Roosevelt Davis

“I used to catch Duro Davis and I said, 'I ain’t catching that emery ball today.' He said, 'Get back there you little so and so. If you catch what I throw you I’m gonna star and you gonna star too.'”
--Negro League catcher
Sam Hairston

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Negro Leaguer of the Month
January, 2007

Roosevelt "Duro" Davis

Born: ca. 1905 in Bartlesville, Oklahoma
Died: unknown
Ht:5'9", Wt: 175
Batted right and threw right
Position: pitcher
Years: 1924-1945
Teams: St. Louis Stars, Indianapolis ABCs, Columbus Blue Birds, Bismarck Semipros, New Rockford (ND) Semipros, Pittsburgh Crawfords, New York Black Yankees, Newark Eagles, Ethiopian Clowns, Chicago Brown Bombers, Cincinnati Clowns, Cleveland Buckeyes, Philadelphia Stars, Memphis Red Sox, Brooklyn Royal Giants.

Roosevelt Davis wasn't the best pitcher in the Negro Leagues during the 1930s and '40s, though he sometimes claimed he was, but he was definitely one of the top spit-ball and emery-ball pitchers, as well as being one of the most flamboyant and cocky.

Davis, the son of a Calfiornia vinyard worker, grew up on the sandlots of Topeka, Kansas and his first organized team was called the Monrovians.

Davis first gained pitching fame with the great St. Louis Stars teams of the late 1920s and early 1930s. Davis went 8-2 in league games in '30 when the Stars won the Negro National League pennant and carried other star pitchers Double Duty Radcliffe and Ted Trent, and superstars Willie Wells, Mule Suttles and Cool Papa Bell.

Once the depression hit the Negro Leagues hard, Davis jumped the Pittsburgh Crawfords and ventured to North Dakota where he played first with Bismarck's semipro team in '33, then with New Rockford in '34. While with Bismarck, Davis was nearly run out of town when opponents discovered he was doctoring the ball with saliva and/or emery cloth!

After leaving North Dakota, Gus Greenlee hired Davis back for the Crawfords, joining a staff including Leroy Matlock and Satchel Paige. In '35, when Paige jumped the Crawfords, Davis had one of his best seasons, compiling an 11-3 league record, with 20+ wins against all competition.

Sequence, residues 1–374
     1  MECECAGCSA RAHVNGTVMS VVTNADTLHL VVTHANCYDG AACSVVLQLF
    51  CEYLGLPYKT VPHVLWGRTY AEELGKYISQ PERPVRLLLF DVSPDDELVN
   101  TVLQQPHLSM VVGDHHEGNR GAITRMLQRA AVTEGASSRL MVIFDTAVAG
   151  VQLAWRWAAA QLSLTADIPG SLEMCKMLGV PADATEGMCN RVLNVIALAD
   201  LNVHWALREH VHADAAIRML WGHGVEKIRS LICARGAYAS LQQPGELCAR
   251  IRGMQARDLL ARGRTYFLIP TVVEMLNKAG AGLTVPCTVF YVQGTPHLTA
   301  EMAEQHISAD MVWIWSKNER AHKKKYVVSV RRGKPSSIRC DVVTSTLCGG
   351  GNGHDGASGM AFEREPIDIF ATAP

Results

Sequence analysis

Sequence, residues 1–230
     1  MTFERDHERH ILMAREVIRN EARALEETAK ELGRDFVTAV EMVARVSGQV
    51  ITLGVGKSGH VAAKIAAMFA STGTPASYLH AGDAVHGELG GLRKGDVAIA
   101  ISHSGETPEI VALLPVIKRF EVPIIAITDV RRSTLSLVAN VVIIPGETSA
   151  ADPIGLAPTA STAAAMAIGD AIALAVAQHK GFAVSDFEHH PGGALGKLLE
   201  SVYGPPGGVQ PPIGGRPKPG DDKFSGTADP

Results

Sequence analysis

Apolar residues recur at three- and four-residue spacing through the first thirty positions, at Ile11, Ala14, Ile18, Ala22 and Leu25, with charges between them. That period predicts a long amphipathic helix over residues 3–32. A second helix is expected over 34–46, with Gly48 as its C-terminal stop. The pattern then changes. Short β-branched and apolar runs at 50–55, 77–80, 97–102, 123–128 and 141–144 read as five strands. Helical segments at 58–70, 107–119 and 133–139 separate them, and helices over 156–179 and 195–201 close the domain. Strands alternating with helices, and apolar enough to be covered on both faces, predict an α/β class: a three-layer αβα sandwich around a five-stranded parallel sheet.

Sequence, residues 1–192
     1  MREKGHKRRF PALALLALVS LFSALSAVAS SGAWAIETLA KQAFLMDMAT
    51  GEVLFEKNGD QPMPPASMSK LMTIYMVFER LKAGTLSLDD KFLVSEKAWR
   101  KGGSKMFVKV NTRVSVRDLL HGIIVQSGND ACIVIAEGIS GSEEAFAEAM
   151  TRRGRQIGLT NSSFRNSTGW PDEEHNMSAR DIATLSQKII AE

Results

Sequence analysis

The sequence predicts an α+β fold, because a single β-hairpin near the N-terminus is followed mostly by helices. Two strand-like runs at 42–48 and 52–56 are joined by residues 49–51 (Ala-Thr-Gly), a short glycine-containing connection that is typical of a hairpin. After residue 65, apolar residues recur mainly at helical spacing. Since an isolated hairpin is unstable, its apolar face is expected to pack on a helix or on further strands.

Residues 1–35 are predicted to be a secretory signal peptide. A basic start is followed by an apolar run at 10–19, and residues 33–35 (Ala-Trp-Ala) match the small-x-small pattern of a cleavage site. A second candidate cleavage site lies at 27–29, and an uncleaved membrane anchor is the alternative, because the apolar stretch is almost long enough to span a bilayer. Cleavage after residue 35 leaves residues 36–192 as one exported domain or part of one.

In the late 30s-early 40s, Davis played with the Ethiopian Clowns, wearing face makeup and answering to the name "Macon," which was supposed to sound African. The Clowns, who also boasted Showboat Thomas and Dave Barnhill, won the Denver Post Tournament in dramatic fashion in 1941. Throught the first few rounds, Davis was the pitching star, beating the Champlin Refiners, 9-1 in the second round, and beating the powerful Bona Allen team 6-1 in the 3rd--he struck out 11 before a standing room only crowd at Denver's Merchant's Park.

Bona Allen made its way through the loser's bracket and ended up playing the Clowns for the championship, but needed to beat the unbeaten Clowns twice. Former Major Leaguer Boots Poffenberger faced off against Davis and won 3-1, so the two teams played again for the money. In the championship game, the Bona Allens tooks a 7-2 lead into the ninth and the Clowns scored 6 runs to win.

According to "The Denver Post Tournament," by Jay Sanford, many teams complained that Davis was doctoring the baseball, to which he replied, "I throw the kind of pitching that if you could hit it you would be in the big leagues, that is all there is to my pitching, it is just big league."

Davis continued pitching into his 40s with lesser teams such as the semipro Chicago Brown Bombers and Brooklyn Royal Giants.

Davis was a good bunter, but a mediocre hitter, though if you believed him and not your eyes you might think he was Babe Ruth.


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